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Anton Kuchukhidze: The state machinery is still learning to coexist with legal gambling

The legal gambling sector has existed in Ukraine for only two years. However, even in this short time, it managed to demonstrate stable growth. It was particularly noticeable prior to russia’s full-scale invasion in Ukraine. At the same time, despite significant achievements of the regulator and legal gambling cooperation in building a civilized gambling market, there is still a lot to do, especially in creating an adequate image of the legal gambling market from other public authorities. It becomes clear when comparing Ukrainian legal gambling with such developed markets as, for instance, the British one.

One of the international implications of russia’s war against Ukraine was the global increase in energy prices. This trend has particularly affected European countries, creating additional challenges for local businesses and consumers. A significant increase in energy prices led to a surge in the cost of production and provision of services. At the same time, consumers fail to have better purchasing power resulting in lower demand.

With this in mind, the CEO of the Betting and Gaming Council (BGC), Britain’s largest legal gambling association uniting 95% of the industry, has asked the British government to take measures and help legal gambling cope with the consequences of the energy crisis. In his address, Michael Dugher also stressed that the industry annually generates about GBP 4 billion for the British economy, pays GBP 2 billion in taxes, and directly employs more than 44,000 workers.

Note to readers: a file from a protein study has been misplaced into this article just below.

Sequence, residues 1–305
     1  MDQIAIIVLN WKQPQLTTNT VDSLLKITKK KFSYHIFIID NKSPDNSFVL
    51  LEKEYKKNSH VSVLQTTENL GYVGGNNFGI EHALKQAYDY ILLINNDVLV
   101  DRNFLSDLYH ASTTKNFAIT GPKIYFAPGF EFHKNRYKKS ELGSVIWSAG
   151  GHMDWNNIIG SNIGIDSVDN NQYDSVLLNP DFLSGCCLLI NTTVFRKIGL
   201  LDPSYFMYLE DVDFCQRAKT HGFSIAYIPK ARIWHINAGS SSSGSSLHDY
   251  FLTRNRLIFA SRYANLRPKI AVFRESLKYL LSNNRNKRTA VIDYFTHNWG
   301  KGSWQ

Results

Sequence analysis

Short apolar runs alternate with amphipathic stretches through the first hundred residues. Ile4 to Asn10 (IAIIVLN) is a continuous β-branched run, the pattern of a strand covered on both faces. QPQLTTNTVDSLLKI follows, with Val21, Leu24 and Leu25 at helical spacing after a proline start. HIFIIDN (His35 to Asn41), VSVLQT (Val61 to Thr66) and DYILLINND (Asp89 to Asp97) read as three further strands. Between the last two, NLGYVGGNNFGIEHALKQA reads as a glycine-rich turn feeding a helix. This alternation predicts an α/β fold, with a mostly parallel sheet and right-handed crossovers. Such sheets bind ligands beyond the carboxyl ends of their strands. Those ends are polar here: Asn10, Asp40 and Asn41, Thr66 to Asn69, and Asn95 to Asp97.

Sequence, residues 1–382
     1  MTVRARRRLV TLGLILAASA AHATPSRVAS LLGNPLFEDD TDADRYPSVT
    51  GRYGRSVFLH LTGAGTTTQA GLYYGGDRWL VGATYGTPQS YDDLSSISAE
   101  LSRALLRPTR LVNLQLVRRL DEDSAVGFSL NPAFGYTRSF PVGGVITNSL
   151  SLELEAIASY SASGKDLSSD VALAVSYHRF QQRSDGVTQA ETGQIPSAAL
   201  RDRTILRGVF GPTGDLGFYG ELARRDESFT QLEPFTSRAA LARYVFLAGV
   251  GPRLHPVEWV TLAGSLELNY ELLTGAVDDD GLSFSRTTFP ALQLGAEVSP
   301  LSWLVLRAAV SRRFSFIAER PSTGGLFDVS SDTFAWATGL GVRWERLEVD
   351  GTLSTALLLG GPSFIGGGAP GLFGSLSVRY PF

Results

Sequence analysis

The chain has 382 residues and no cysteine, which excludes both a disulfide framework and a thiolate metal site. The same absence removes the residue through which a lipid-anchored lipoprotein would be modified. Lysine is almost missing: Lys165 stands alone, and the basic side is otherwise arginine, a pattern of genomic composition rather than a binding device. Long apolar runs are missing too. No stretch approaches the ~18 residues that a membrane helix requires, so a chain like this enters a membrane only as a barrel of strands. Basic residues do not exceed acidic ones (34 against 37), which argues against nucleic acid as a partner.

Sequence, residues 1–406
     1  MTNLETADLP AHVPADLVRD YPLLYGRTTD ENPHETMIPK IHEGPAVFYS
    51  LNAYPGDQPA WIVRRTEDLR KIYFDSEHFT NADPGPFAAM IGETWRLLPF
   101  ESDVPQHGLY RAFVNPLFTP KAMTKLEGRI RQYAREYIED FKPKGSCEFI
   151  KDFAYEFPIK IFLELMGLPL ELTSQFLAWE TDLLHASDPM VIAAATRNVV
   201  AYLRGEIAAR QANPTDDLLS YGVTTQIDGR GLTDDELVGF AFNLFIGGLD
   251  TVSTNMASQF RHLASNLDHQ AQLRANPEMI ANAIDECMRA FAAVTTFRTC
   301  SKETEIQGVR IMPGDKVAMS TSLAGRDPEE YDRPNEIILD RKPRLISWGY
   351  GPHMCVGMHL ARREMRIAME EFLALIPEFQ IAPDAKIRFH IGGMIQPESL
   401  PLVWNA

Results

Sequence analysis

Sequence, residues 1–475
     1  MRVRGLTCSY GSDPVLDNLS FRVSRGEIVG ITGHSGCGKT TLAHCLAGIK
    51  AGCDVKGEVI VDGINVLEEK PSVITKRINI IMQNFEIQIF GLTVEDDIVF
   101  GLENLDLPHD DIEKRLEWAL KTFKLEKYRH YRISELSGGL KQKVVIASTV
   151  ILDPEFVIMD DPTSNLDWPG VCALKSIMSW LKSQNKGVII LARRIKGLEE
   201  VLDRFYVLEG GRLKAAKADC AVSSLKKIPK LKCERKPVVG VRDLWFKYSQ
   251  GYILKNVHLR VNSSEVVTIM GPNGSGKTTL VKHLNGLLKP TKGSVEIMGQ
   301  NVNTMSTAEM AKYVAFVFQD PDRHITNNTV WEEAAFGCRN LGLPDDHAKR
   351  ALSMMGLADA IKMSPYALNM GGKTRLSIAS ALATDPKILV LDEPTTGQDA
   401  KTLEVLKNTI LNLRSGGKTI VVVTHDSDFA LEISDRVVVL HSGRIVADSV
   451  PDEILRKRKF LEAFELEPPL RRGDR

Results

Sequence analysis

What is your understanding of the development level of the British gambling market and how it is perceived by the State and society?

While we still have ongoing discussions as to whether gambling legalization was a “good” idea, in the UK, the industry association is asking the government to help the gambling sector on behalf of the entire industry without ringing any alarm bells. Can you imagine that today in Ukraine legal gambling may appeal to the State, for example, for tax breaks or subsidies due to the war?

While populists in Ukraine continue to propagate the “harmfulness” of gambling, in Britain, gambling is perceived as a full-scale economy sector generating billions of pounds for the budget and creating tens of thousands of jobs. And most importantly, like any other economy sector, such as agriculture or engineering, in a difficult economic environment, it can rely on the support of the entire state apparatus.

Since legal gambling is the newest economy sector in Ukraine, it cannot yet boast of such development. The specialized law on gambling taxation 2713-d has not yet been adopted, and law enforcement agencies have failed to close thousands of illegal gambling halls. Legal gambling is still attacked by some populists and politicians avoiding the topic of illegal operators.

In fact, much still needs to be done to build a powerful and civilized legal gambling market in Ukraine. And we need to work on all fronts at once since changes should occur not only in the tax or regulatory spheres but also in the very perception of gambling by the population and decision-makers. As in the entire civilized world, society should finally begin to see gambling as entertainment, not something suspicious.

The good news is that today this path is chosen by the State, represented by the Commission for Regulation of Gambling and Lotteries (CRGL) and licensed gambling operators, who, even in times of war, continue to pay license fees, taxes, and support the State as part of their volunteer initiatives.

Anton Kuchukhidze, Chairman of the Ukrainian Gambling Council, exclusively for the Ukrainian News


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